You may have seen in the news recently that Professor Hunt, dean of the Royal College of Surgeons’ dental faculty, has commented on the number of children needing extractions:

“Almost 26,000 general anaesthetics are being given to five to nine-year-old children every year to have teeth out now.” In some cases this is leading to long waiting lists leaving children in pain. Clearly something needs to be done to keep waiting lists to a minimum, but what can we do to help our children to avoid decay in the first place?

Here are our top tips:

  • Consuming sugary or acidic food and drink can lead to decay or acid erosion. For teeth it’s the frequency, not the amount consumed, that is the problem so try to keep to meal times only.
  • Even fruit juices contain sugar so should be kept to meal times and any fizzy drinks, including sugar free varieties, are acidic so can cause damage. The best drinks for between meals are water or milk.
  • Try to avoid babies and toddlers forming a bedtime, or naptime habit of lying with a bottle containing milk or formula. Although milk is generally a good choice for teeth, constant sipping can lead to decay. Water is the only safe drink to constantly sip.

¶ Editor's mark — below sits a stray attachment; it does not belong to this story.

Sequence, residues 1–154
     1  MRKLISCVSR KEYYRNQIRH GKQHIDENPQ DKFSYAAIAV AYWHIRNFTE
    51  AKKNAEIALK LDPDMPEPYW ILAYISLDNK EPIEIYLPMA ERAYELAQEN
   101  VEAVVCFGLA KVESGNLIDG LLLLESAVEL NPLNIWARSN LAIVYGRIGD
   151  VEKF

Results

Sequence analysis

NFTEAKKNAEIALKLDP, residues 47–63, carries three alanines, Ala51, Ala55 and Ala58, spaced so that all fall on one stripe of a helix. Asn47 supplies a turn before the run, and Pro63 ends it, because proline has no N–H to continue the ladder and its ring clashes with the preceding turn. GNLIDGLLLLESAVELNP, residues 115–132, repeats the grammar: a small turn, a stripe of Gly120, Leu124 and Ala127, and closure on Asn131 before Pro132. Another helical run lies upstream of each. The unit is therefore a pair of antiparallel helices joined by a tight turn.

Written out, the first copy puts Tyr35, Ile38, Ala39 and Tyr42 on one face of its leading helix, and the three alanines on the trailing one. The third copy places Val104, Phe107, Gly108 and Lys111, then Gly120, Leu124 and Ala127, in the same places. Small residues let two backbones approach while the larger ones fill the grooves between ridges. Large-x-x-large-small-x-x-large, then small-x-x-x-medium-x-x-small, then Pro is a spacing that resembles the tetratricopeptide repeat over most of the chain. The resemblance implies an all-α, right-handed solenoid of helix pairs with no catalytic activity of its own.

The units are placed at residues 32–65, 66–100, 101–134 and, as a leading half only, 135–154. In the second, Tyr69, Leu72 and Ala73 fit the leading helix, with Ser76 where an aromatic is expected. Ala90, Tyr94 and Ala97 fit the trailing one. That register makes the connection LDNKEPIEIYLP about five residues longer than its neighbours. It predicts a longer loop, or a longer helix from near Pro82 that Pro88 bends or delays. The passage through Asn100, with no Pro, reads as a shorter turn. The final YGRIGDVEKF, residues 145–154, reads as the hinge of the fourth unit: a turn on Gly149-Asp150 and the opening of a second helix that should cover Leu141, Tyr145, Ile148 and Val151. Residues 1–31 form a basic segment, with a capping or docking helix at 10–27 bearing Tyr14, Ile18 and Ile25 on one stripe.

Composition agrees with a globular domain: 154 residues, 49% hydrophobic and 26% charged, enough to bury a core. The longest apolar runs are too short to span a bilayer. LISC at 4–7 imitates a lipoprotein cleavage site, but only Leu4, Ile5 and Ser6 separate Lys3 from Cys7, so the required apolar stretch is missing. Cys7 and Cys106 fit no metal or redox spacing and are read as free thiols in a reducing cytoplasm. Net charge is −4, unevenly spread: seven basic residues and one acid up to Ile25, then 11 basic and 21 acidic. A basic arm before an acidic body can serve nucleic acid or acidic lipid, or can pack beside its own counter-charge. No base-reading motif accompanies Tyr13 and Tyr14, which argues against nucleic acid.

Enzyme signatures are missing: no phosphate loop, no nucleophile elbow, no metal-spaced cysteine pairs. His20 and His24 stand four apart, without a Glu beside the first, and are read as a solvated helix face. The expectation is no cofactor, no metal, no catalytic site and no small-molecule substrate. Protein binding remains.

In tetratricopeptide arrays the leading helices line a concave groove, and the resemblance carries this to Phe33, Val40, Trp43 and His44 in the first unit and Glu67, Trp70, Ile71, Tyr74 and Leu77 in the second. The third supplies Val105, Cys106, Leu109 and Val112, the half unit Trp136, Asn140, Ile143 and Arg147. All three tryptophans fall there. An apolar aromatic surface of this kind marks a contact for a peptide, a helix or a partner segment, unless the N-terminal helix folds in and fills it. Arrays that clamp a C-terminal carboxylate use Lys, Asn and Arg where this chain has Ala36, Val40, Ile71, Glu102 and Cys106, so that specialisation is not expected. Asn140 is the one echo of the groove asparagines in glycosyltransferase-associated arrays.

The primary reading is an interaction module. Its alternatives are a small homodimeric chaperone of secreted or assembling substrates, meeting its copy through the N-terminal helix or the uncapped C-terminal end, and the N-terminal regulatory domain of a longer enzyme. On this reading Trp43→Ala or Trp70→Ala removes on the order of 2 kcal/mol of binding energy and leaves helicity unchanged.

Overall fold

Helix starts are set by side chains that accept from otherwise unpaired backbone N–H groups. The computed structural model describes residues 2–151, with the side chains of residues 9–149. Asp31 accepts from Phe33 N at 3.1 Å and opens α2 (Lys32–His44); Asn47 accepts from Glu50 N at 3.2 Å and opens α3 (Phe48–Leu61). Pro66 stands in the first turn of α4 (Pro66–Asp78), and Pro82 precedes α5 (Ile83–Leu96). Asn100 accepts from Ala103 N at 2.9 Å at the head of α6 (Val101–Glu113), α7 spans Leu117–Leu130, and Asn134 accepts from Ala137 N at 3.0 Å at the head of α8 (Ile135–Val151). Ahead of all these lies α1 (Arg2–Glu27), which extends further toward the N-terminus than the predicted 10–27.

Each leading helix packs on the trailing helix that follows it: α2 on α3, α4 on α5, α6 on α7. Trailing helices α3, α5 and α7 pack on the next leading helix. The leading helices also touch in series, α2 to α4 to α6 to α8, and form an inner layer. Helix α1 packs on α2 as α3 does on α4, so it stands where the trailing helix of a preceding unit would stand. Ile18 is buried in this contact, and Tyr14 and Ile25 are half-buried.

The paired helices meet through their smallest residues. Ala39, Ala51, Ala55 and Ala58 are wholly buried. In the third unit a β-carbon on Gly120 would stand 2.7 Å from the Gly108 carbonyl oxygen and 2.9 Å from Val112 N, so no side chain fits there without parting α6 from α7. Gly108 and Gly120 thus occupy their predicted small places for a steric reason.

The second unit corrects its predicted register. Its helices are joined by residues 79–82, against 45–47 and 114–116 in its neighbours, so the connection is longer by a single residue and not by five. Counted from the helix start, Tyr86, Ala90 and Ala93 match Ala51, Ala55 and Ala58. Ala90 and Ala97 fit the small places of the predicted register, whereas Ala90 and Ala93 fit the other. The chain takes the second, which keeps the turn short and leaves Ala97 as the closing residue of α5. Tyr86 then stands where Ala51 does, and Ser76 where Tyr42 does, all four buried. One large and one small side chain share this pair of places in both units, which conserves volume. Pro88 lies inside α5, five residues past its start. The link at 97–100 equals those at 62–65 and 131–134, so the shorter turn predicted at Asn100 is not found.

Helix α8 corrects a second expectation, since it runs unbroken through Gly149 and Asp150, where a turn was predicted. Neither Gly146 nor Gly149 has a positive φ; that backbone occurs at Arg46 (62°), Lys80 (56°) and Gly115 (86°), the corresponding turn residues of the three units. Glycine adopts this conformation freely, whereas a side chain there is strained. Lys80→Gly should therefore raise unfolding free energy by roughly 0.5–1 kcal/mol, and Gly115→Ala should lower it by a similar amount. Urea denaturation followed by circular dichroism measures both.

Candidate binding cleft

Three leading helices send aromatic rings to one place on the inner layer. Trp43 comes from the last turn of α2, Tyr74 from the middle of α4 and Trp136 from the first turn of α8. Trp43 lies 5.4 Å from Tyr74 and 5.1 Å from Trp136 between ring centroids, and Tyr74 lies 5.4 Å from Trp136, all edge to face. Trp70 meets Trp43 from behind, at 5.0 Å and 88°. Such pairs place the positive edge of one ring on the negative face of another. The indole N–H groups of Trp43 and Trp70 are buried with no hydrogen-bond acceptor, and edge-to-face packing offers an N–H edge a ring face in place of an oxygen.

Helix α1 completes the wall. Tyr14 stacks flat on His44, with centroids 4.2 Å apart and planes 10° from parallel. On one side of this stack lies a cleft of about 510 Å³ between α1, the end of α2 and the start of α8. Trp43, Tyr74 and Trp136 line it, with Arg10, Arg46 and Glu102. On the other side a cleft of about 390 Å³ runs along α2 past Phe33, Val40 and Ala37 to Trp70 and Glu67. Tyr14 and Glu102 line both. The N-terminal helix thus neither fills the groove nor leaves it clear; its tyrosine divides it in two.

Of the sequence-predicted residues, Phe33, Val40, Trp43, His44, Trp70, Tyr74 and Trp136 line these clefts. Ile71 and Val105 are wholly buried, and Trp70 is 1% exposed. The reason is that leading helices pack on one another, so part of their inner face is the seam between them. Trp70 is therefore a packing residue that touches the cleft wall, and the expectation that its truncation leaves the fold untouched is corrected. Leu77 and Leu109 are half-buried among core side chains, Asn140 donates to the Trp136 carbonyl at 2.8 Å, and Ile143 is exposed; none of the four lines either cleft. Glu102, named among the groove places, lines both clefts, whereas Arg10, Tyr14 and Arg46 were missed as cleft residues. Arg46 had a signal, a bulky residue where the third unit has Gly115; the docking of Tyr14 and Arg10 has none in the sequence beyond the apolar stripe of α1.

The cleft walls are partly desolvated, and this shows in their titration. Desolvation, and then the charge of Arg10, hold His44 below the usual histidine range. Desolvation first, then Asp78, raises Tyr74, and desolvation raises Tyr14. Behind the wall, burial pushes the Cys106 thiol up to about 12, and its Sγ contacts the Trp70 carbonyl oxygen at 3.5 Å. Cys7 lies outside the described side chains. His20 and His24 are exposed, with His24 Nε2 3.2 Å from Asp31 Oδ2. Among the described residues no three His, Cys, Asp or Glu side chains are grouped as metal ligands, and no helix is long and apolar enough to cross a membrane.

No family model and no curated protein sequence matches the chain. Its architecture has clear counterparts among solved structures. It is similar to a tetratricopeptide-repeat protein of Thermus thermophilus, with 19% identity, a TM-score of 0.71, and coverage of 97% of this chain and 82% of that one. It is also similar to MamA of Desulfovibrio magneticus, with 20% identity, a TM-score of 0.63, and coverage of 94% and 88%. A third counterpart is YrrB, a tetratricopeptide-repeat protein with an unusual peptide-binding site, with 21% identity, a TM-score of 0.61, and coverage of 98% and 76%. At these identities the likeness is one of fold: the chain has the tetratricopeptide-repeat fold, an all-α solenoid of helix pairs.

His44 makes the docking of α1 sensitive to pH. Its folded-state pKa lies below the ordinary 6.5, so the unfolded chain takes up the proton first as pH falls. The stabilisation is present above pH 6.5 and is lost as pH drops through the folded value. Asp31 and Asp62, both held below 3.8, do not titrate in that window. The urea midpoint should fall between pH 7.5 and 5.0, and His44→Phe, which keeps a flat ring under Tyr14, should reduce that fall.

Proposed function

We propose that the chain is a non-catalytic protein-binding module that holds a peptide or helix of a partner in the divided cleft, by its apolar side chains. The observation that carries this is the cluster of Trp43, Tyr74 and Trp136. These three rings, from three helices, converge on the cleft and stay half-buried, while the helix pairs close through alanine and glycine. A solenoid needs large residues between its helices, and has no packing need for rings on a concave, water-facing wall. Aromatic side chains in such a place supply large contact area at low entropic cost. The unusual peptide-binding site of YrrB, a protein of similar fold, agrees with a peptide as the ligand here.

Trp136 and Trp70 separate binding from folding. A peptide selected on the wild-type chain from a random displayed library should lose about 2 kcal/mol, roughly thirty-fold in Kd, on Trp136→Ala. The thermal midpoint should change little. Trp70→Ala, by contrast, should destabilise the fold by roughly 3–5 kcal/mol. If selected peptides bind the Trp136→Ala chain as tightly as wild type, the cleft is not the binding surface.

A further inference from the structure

• If your child wants a snack (as they all do!) then try to stick to something savoury or with natural sugar, like fruit, rather than sweets and follow with milk or cheese to neutralize the acid which causes the damage.   In fact cheese is a good snack choice for teeth as it won’t lead to any decay.
  • Brush teeth twice a day (ideally in the morning and last thing before bed).   Here on the Wirral you can use standard adult toothpaste with 1450ppm of fluoride for the whole family. For other areas you should check with your dentist for the local recommendations as it depends on the level of fluoride in the water.
  • Visit the dentist regularly so that any problems can be picked up.

Get in touch if you want to book an appointment for your child. Remember NHS treatment for children is free!